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Supreme Court Grants Permission in Public Law Costs Case

Ned Westaway

The Supreme Court (Lords Kerr, Carnwath and Briggs) has granted permission to appeal from the Court of Appeal’s decision in CPRE - Kent Branch v SSCLG [2019] EWCA Civ 1230; [2020] 1 WLR 352.  The case concerns the proper approach to costs that should be applied by the courts when refusing permission for public law challenges, in particular (i) should a second defendant and/or interested party generally be awarded its costs of acknowledging service (in addition to the principal defendant) and (ii) what is the role of proportionality.

The appellant argued in the Court of Appeal that the starting point should be the principle articulated by the House of Lords in Bolton MBC v SSE (Practice Note) [1995] 1 WLR 1176, i.e. that an additional respondent will not normally be awarded costs “unless he can show that there was likely to be a separate issue not covered by [the main respondent] or unless he has an interest which requires separate representation”.  However Bolton pre-dated the CPR and related to costs at a hearing.  The Court of Appeal held that multiple sets of costs at the permission stage under the CPR should generally be awarded (subject to considerations of proportionality), referring to its own decision in R (Mount Cook Land Ltd) v Westminster CC [2003] EWCA Civ 1346.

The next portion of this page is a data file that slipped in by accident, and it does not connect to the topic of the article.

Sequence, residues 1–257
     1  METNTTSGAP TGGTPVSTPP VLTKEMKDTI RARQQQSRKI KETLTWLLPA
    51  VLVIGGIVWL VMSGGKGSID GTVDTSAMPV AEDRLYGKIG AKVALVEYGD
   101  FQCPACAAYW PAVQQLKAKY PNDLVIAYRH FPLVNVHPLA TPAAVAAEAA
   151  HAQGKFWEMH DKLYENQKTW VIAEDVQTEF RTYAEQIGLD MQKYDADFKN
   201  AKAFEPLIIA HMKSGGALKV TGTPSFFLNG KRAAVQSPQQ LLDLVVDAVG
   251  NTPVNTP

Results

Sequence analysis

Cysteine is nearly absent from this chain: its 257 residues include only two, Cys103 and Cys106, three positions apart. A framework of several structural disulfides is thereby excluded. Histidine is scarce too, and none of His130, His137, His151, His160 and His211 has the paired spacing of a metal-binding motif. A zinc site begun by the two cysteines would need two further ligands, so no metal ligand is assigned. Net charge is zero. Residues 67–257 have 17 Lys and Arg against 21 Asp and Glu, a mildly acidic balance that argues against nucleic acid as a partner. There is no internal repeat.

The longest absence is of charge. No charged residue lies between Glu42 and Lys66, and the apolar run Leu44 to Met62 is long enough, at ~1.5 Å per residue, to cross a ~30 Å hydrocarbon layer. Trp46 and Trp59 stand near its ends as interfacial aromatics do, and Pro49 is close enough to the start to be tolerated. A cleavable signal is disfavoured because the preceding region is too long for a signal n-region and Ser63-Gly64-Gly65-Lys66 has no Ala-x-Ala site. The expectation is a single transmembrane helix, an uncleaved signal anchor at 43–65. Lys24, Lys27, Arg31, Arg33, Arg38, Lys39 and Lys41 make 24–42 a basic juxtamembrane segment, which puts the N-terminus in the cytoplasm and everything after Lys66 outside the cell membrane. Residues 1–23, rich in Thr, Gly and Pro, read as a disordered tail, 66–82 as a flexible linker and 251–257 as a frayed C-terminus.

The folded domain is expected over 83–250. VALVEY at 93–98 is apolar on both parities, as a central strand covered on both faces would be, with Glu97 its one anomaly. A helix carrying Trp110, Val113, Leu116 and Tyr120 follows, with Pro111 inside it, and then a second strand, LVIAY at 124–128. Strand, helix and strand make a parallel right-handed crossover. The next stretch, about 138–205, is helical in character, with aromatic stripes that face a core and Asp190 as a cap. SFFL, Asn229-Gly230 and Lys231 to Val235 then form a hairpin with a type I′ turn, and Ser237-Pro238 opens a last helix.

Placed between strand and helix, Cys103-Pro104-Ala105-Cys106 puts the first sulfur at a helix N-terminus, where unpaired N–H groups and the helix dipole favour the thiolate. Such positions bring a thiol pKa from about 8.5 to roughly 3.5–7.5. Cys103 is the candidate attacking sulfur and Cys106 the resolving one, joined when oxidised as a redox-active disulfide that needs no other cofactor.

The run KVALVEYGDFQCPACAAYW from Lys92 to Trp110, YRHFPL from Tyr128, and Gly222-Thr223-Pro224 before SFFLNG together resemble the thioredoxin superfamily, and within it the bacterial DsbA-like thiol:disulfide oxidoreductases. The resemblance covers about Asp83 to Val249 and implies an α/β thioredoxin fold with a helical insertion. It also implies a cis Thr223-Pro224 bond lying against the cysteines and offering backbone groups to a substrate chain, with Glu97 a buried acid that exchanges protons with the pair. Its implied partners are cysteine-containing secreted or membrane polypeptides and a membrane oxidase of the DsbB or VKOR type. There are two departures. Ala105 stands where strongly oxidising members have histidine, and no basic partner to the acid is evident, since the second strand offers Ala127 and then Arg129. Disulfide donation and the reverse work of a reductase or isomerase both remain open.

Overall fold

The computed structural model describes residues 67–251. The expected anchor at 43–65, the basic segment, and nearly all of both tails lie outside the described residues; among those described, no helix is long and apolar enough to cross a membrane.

The appellant also pointed to the inconsistent practice of the lower courts on this point of principle.

The appeal will be the first opportunity for the Supreme Court to consider the approach to costs in public law litigation, and the first case on the topic at this level since Bolton.

Ned Westaway, instructed by Richard Buxton Solicitors, is acting for the appellant.